Stargazing expert Jennifer Frost is on a mission to make sure the public does not miss out on the wonders of the night sky.
The new interpretive park ranger for Canyons of the Ancients National Monument will host a free star-viewing program on April 25, at 8 p.m., at the Anasazi Heritage Center.
It is the first of several star-gazing events at the museum as part of the Four Corners Lecture Series, and is part of an effort by the monument to gain designation as an International Dark Sky Sanctuary.
With 50 percent of the world’s population born in the city, odds are 50 percent will never see the night sky, Frost says.
“We’re in danger of a generation being raised without a clue about the night sky because of light intrusion, and my goal is to help change that,” she said.
Frost has a background in teaching astronomy and science. She’s hosted popular night-sky programs at several national parks and monuments, including Chaco Culture National Historical Park.
If the night is clear, participants will walk up the paved path to the Escalante Pueblo, above the Heritage Center. A telescope will be set up, and Frost will explain the basics, including the star-hopping method to find constellations. On cloudy nights, the program will be held inside with video presentations.
Telling the story of the night sky through the Native American perspective will be part of the program.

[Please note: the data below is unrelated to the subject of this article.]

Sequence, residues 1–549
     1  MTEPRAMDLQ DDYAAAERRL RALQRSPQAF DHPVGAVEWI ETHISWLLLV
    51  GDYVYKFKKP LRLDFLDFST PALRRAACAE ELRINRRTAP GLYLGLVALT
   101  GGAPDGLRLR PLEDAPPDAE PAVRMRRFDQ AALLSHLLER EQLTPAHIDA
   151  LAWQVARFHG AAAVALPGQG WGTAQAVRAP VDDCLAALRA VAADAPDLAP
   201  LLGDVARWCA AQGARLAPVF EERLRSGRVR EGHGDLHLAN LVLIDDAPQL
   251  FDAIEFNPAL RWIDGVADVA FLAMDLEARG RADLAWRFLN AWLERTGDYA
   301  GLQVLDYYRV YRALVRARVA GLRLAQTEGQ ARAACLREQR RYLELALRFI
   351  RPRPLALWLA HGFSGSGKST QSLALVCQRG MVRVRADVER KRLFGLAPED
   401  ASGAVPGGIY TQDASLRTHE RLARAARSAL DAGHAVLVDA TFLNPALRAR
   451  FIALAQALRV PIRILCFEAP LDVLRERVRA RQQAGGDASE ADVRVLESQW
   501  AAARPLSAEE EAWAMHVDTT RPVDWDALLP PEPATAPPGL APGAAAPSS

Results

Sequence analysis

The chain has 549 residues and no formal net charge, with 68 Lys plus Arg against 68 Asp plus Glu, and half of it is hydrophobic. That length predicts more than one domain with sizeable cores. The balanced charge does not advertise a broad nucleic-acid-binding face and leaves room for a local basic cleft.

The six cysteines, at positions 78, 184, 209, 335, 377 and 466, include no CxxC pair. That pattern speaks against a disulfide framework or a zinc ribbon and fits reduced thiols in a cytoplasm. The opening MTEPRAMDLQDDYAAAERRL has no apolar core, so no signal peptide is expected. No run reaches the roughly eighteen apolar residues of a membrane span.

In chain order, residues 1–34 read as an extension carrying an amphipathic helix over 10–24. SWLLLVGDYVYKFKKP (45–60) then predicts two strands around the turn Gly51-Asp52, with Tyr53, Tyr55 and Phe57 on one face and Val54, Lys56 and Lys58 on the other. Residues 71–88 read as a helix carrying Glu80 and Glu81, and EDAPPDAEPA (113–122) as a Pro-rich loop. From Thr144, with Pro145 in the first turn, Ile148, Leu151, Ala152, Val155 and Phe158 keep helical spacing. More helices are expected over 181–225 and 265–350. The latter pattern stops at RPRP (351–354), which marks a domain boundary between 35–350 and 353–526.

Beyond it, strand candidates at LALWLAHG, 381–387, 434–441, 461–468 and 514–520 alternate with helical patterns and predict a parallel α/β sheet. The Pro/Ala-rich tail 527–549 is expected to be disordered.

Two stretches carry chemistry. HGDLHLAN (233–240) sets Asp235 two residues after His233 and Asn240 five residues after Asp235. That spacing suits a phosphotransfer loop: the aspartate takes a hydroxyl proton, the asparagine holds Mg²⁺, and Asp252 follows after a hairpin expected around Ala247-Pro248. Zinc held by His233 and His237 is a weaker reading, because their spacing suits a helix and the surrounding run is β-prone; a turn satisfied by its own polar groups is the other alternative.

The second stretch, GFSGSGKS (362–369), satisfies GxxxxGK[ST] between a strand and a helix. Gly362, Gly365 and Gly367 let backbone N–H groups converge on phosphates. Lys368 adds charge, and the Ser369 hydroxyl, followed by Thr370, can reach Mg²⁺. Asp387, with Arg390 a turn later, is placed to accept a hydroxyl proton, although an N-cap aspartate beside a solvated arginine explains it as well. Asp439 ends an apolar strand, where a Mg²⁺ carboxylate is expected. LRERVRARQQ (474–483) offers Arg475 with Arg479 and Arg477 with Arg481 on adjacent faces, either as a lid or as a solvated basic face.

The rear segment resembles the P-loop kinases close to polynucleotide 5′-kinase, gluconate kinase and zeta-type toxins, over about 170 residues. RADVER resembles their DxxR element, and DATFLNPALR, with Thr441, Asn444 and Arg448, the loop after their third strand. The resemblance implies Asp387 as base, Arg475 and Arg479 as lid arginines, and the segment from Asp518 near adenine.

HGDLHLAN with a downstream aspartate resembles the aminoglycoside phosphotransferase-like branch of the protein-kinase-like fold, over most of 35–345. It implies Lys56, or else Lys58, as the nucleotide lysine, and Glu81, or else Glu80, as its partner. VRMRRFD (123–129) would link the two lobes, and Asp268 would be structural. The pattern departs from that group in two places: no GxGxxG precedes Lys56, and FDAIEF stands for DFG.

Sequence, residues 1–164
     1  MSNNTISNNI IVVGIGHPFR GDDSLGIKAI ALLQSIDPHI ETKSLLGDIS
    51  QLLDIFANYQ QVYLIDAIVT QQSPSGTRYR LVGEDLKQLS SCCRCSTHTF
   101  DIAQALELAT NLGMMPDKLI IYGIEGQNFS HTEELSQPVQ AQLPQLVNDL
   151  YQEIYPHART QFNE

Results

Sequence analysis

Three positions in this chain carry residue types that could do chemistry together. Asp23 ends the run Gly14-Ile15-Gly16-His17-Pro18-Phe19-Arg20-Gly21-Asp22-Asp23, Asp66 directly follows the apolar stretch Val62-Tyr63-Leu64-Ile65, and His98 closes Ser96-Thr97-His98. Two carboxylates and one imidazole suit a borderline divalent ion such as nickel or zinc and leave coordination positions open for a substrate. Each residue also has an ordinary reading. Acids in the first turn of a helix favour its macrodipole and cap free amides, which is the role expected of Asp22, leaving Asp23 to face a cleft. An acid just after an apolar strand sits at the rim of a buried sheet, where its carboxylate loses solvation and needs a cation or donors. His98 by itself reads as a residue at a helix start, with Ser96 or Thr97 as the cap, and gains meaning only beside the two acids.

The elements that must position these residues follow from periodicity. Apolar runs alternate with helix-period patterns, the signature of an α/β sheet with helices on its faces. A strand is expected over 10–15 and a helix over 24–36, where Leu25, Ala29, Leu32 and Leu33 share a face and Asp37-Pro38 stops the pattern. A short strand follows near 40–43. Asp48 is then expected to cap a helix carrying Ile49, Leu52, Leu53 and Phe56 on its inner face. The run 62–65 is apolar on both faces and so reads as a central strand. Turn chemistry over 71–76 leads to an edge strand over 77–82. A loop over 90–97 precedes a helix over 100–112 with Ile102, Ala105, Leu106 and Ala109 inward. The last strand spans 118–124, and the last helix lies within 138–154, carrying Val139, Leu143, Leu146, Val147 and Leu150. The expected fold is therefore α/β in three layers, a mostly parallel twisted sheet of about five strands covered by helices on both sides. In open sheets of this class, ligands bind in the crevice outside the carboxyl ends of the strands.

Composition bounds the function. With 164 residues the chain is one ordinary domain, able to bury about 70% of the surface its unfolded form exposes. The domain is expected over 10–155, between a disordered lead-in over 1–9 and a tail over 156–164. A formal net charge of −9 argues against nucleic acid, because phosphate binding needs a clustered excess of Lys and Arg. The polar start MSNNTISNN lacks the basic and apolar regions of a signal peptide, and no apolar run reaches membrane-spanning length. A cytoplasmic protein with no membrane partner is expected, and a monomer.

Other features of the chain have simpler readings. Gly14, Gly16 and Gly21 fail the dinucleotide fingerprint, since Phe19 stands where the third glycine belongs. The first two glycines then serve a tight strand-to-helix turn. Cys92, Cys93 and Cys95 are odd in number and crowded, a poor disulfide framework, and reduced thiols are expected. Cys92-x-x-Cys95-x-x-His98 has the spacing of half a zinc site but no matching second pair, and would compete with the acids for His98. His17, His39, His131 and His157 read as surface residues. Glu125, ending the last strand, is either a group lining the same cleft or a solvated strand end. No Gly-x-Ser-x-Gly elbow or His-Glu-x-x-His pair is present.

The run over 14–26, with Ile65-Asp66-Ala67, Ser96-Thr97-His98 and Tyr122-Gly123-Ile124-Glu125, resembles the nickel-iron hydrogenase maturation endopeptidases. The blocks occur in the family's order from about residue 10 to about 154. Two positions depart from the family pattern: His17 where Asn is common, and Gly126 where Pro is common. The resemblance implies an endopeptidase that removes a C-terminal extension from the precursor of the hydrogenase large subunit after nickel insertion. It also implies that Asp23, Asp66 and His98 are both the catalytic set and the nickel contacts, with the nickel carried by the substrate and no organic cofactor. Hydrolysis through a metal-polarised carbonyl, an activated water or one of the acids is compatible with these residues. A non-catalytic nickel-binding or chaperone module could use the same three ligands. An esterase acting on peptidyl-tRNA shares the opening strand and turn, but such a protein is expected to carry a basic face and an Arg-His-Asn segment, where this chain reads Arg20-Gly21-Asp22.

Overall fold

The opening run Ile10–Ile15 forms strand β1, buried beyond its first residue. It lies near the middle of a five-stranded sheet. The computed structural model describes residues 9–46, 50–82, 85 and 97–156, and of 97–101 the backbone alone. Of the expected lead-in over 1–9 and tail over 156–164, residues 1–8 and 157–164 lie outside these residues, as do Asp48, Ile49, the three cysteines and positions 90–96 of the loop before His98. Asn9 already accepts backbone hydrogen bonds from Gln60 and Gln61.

“The Ancestral Puebloans were monitoring the skies, so there are a lot of cultural stories beyond just the Greek and Roman,” she said.
On May 20, GB Cornucopia, an interpretive ranger with Chaco Culture Historic Park, will present a lecture on astronomy and the Ancestral Puebloans at 7 p.m. followed by stargazing. Frost will host another one on June 25 at 8:30 p.m.
On July 29 at 8:30 p.m., Apollo 17 astronaut Dr. Harrison Schmitt will visit the Heritage Center to give the astronomy presentation.
Schmitt, of New Mexico, is one of the Dusty Dozen who walked on the moon, and was on the last human mission in 1972.
The trained geologist is considered the first nontest pilot scientist to walk on the moon. He logged 22 hours, 4 minutes exploring the lunar surface, and studied the moon’s volcanic activity.
“We’re very excited and honored to have him present for our night-sky program,” Frost said.
The monument is in the process of applying for an International Dark Sky Sanctuary status, a one- or two-year process. Frost will set up sky-quality meters at the Heritage Center and points in the monument to measure dark-sky quality.
Mesa Verde National Park is also seeking the dark sky status. Currently, Hovenweep National Monument, Chaco Culture Park, and Natural Bridges National Monument all have the designation. If you go to the monument’s night sky program, dress warmly, and bring a blanket and flashlight.